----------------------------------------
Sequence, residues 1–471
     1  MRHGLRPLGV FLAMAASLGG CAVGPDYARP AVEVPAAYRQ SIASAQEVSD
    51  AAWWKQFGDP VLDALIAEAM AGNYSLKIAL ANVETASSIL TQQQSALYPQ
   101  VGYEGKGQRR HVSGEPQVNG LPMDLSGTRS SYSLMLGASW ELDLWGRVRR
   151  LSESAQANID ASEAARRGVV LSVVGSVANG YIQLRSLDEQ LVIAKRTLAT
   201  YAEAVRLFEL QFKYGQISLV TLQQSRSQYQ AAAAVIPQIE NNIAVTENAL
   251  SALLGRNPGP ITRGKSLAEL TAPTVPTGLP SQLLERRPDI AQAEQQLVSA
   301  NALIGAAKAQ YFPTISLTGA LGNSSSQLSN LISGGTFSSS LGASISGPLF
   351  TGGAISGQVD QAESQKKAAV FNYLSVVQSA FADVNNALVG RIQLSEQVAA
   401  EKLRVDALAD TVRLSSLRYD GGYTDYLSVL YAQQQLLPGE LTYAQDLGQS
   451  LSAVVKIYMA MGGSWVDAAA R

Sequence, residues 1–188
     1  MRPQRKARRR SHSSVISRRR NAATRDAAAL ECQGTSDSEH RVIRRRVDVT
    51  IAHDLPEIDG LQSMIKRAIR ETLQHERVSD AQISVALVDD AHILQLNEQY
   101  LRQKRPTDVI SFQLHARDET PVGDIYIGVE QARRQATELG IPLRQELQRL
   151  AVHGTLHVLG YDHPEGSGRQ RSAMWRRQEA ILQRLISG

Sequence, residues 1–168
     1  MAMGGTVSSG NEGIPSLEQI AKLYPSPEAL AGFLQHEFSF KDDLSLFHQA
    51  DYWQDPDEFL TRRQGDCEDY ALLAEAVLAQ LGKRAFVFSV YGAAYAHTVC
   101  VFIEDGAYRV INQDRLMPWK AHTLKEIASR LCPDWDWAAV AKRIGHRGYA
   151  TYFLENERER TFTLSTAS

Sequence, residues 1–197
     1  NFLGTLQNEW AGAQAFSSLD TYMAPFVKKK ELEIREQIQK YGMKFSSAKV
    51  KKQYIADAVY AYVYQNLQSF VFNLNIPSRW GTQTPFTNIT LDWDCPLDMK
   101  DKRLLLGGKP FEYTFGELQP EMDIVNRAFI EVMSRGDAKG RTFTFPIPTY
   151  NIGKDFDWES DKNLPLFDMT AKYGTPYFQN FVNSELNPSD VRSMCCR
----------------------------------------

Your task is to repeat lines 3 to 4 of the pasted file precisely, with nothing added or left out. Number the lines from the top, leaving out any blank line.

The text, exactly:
    51  AAWWKQFGDP VLDALIAEAM AGNYSLKIAL ANVETASSIL TQQQSALYPQ
   101  VGYEGKGQRR HVSGEPQVNG LPMDLSGTRS SYSLMLGASW ELDLWGRVRR